[SLOF] [PATCH] slof/fs/accept: Allow Unix LF line endings, too

Alexey Kardashevskiy aik at ozlabs.ru
Tue Aug 31 00:07:29 AEST 2021

On 30/08/2021 23:55, Segher Boessenkool wrote:
> On Mon, Aug 30, 2021 at 11:28:15PM +1000, Alexey Kardashevskiy wrote:
>> On 30/08/2021 23:10, Segher Boessenkool wrote:
>>> On Mon, Aug 30, 2021 at 12:53:08PM +0200, Thomas Huth wrote:
>>>> Currently SLOF only accepts CR (0x0d) line endings at the command prompt,
>>>> since this is the default line ending used on serial consoles.
>>>> However,
>>>> sometimes people try to connect to SLOF directly in a way that uses the
>>>> typical Unix LF line endings (0x0a) which are then completely ignored,
>>>> for example running QEMU like this:
>>>>   qemu-system-ppc64 -nodefaults \
>>>>      -chardev socket,path=/tmp/mysocket,wait=off,id=cs0,server=on \
>>>>      -device spapr-vty,id=serial0,reg=0x30000000,chardev=cs0
>>>> and then connect to that Unix socket via "nc -U /tmp/mysocket".
>>>> For such use cases, allow the 0x0a line ending in SLOF, too.
>>> How does that work if you feed text with CRLF combos?  If it does accept
>>> a new line at both CR and LF, that is problematic (it violates both the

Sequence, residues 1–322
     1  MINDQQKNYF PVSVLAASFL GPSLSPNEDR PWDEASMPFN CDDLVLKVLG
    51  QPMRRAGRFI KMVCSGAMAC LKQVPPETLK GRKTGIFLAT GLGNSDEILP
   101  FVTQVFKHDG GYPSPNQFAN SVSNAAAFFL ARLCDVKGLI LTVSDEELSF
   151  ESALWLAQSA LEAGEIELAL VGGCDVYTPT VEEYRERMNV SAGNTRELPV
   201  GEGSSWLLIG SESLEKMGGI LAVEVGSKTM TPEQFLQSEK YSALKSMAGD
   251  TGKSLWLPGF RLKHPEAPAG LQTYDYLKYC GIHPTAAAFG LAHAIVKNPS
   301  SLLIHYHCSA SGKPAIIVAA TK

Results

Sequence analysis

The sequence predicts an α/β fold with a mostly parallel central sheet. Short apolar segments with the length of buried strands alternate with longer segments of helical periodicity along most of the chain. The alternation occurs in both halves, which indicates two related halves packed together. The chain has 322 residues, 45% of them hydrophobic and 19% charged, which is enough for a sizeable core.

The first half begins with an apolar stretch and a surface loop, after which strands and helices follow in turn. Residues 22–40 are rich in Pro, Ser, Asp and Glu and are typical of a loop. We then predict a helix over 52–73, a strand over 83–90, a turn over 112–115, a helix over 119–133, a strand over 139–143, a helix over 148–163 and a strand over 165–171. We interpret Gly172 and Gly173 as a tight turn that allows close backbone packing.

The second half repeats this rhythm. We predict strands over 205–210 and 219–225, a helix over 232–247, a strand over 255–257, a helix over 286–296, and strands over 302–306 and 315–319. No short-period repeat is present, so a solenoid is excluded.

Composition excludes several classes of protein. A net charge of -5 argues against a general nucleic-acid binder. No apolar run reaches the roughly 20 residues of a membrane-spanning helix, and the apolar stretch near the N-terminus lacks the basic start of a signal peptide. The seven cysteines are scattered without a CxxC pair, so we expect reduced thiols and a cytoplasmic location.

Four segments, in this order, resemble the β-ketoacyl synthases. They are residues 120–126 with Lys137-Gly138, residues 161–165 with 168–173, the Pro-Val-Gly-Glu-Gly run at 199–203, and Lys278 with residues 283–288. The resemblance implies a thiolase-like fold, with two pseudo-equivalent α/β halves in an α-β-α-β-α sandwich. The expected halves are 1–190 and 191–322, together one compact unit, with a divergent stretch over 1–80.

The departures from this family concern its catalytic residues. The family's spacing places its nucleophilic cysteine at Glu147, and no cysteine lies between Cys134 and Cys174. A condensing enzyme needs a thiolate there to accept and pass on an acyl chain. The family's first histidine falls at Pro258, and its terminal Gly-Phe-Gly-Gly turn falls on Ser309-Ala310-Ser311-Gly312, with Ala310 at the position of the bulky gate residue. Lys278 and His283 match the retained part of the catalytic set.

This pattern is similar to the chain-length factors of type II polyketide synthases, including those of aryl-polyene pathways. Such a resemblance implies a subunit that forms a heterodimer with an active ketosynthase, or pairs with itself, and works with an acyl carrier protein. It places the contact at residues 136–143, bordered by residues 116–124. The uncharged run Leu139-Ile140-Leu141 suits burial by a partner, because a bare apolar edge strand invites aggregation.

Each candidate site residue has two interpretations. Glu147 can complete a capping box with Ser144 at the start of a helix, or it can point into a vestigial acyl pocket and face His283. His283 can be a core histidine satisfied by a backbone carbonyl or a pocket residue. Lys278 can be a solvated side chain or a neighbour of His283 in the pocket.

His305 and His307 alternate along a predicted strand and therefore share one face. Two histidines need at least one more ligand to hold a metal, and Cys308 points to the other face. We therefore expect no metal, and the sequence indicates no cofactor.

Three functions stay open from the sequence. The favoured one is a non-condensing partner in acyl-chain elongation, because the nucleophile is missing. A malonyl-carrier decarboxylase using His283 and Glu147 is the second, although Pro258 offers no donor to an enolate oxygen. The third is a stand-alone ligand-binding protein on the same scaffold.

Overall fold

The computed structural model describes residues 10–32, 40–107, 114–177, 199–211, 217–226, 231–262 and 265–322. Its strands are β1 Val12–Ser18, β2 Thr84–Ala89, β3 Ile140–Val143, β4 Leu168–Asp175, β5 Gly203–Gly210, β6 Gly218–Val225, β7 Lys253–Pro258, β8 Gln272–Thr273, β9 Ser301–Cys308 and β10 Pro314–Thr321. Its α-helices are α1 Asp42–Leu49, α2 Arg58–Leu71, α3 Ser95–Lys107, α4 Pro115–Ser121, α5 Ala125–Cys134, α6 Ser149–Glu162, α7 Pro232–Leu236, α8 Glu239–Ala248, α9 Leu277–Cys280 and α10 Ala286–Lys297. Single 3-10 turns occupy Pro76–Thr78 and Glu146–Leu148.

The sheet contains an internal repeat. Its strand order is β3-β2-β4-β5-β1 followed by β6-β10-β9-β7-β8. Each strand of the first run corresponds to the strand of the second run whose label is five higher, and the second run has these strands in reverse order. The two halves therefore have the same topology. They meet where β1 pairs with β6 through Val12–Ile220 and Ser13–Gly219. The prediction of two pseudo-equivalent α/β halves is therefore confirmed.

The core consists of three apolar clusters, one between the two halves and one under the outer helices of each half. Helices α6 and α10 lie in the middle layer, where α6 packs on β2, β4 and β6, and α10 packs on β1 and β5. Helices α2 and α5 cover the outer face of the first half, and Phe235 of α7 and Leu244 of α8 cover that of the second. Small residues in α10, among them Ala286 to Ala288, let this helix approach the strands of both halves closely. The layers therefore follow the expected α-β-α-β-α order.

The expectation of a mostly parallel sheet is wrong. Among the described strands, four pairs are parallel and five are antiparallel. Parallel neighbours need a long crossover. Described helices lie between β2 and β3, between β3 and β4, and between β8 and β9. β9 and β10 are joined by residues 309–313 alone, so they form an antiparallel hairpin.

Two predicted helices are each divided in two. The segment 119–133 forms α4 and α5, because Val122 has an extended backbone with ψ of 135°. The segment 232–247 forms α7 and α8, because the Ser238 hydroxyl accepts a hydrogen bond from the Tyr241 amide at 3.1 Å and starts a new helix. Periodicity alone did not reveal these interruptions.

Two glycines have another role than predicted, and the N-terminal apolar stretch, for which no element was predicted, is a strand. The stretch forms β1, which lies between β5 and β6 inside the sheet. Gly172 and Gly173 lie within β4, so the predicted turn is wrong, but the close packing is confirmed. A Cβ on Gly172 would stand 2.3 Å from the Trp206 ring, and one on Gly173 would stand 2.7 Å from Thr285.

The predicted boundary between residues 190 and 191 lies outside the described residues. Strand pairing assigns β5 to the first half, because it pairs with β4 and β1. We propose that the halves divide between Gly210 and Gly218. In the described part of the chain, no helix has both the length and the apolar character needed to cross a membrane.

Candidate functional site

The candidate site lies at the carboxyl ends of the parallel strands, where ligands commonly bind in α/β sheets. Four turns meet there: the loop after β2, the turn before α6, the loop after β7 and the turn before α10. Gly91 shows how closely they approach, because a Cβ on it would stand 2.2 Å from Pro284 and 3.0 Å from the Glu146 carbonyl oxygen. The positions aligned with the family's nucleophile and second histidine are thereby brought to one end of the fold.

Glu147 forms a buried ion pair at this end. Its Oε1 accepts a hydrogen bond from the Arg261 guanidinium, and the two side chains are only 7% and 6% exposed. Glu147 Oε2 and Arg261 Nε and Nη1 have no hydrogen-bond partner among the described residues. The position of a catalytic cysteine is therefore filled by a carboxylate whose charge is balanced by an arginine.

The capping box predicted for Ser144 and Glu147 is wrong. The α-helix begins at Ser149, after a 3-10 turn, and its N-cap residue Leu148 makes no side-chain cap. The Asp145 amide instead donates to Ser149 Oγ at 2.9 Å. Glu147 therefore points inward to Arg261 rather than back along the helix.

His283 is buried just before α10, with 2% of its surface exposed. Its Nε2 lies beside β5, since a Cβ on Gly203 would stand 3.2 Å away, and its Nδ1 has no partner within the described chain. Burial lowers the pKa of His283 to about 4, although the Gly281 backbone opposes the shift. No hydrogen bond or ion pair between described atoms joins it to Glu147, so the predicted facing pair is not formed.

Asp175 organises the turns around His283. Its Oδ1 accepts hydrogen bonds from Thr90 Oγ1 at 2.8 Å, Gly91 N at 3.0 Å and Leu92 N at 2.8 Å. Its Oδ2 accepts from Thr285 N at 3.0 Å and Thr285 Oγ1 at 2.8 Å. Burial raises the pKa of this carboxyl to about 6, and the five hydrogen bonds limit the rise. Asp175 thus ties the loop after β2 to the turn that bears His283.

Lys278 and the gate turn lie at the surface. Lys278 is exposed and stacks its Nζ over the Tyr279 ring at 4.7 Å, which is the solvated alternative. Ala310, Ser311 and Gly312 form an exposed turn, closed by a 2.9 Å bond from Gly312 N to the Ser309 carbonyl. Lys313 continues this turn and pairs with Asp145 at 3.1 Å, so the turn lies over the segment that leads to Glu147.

>>> OF and ANS specifications of ACCEPT).
>> Is it in of1275 somewhere? I looked but did not spot quickly.
> Hrm, the text skirts the issues somewhat :-)  7.2, in any case.
> 1275 doesn't really say what to do with input from another source I
> think?

You assumed "the keyboard" because of constant use of the "keystroke" word?

> If you accept a new line at both CR and LF it will accept an empty line
> after every "real" input line.  This breaks various things (and is super
> annoying in the first place).

What things does this break?

>>> A "real" terminal sends CR only, by default, and can be switched to
>>> send CRLF instead (by CSI 20h; switch back with CSI 20l).  You cannot do
>>> only LF on a standard terminal.
>> "strace cat" shows this on "enter":
>> read(0, "\n", 131072)   = 1
>> write(1, "\n", 1)       = 1
>> What do I miss?
> You didn't use a communications terminal.  You used a UNIX program :-)

Where does this communication program take the input from? ;)


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